I know for a fact that there are a number of teachers who are not ready and perhaps will never be ready to drink the digital koolaid. They are great teachers, doing a great job in a classroom, just¬†teaching¬†it¬†old school. They don’t need twitter, blogs, wikis and all the other digital tools at their disposal to get kids to learn. They are master teachers without the digital¬†paraphernalia but they feel that the likes of me, are trying to dismantle and devalue that which they have spent an entire career creating and perfecting.

There are a number of other issues that lurk in the minds of the unconverted which we should be sensitive to well beyond the general notion that we Tech Geeks are out to get them and they are concerns that need to be heeded.

  • Availability of the Technology. This is a shortcoming for most schools. There simply isn’t enough technology to go around, for the kids or the teachers. We just haven’t hit a point of saturation yet where these digital tools are as ubiquitous as pencil and paper. Make it¬†accessible¬†without costing teachers anything and perhaps they will use it.
  • Some People Don’t Want To Use It! Plain and simple, some teachers see no need, nor do they want to use technology to teach. Does this make them bad teachers? NO! We the tech geeks need to respect that.
  • Management Issues. Even I, as someone who uses technology EVERY class, has issues around the appropriate¬†use of the technology in the classroom. Some I ignore, some I stomp on but it is an additional piece of management which some people do not wish to have to deal with. Teachers have a dozen things going on at any given time in a classroom, why add more to their plate?
  • Foundational Skills. In the digital world it is¬†EXTREMELY¬†difficult to determine how much of a students work is cut and paste or simply written by someone else. Much of kids work is a conglomeration of different information sources and¬†nary¬†a word of their own. What’s more, in the digital world, most information is written in point form, written sound bytes. Twitter is an excellent example of how thoughts have been reduced to 140 characters of information, hardly what you would call a body of text which needs to be read and then¬†dissected¬†for meaning. I am in complete agreement with my luddite¬†colleagues¬†who firmly¬†believe that, foundational skills are best taught and solidified through good old¬†fashioned¬†book lernin.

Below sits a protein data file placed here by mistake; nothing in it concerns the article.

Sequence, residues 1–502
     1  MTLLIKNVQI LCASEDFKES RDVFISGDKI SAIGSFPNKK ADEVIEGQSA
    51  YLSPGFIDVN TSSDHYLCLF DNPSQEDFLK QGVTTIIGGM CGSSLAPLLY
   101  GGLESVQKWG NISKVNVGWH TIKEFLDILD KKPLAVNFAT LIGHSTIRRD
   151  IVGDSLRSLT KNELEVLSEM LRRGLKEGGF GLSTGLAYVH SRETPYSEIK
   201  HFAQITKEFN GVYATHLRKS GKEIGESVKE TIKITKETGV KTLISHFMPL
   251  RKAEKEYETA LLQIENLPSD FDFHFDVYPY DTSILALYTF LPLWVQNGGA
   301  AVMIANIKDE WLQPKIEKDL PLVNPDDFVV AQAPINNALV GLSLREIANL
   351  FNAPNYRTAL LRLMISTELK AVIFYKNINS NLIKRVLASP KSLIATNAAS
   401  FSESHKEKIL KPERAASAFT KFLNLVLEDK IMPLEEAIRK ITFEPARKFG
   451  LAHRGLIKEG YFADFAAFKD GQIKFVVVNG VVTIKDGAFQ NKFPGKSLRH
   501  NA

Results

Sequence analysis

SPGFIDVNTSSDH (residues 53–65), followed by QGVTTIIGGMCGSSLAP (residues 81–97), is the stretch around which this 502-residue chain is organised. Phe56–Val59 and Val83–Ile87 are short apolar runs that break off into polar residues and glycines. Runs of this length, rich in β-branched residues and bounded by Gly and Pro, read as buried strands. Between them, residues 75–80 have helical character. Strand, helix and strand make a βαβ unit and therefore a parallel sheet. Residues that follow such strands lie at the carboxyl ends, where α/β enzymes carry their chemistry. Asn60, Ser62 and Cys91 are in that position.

• Just Don’t Got The Time or The Desire. Most teachers have lives outside of school and the 200+ kids they are¬†responsible¬†for in school. They are not all digital¬†dependent¬†like me, who spends more time with my laptop than I do with my family. We tech geeks love this stuff! We live it, we breath it and we have integrated it into our lives so that it is part of us. This is why using digital technology in the classroom is easy for us but some people DON’T want to make it part of their lives at home or at work.
  • Top Down Push. In my 15 years of teaching, I have learned more from other teachers than I have ever learned from an administrator but this is where the push to use technology in the classroom, seems to be coming from. All of us tech geeks have been playing with digital teaching tools for years but now that admin have caught onto the possibilities of digital learning tools, they seem to want all teachers to using them BUT if we are to expect other teachers to buy into the use of technology, it has to be a grassroots growth rather than by¬†administrative¬†decree.
  • The Digital Backlash This one is relatively new and has nothing to do with teachers. It is the digital backlash and the¬†occurrence¬†of parents¬†who are not allowing their kids to have access to digital media. For me, this started last year with one kid and this year I have 6 kids of 160, who’s parents WILL NOT allow their children to have access to any type of social media. To tell you the truth, I am doing the same with my own kids. They will not have ANY social media account before their 16th birthday. I¬†believe¬†this is a growing movement and something that we as educators who LOVE this sort of thing will be faced with more, in the¬†coming¬†years.

Whether we like it or not, the digital revolution might just have to be a digital evolution when it comes to teaching. The reality is that there are good teachers doing GREAT things with kids without using the latest and greatest web tools. We the “tech geeks”, have no business going about, trying to (Star Trek Reference Warning) assimilate all teaching¬†lifeforms¬†into a digital collective. Yes there are some great things you can do, yes you can engage learners with digital¬†resources, yes we have been sold BUT technology is not the end all and be all of learning. An excellent learning environment is about a teacher and the connection they have with the students and it. does not have to be a digital connection.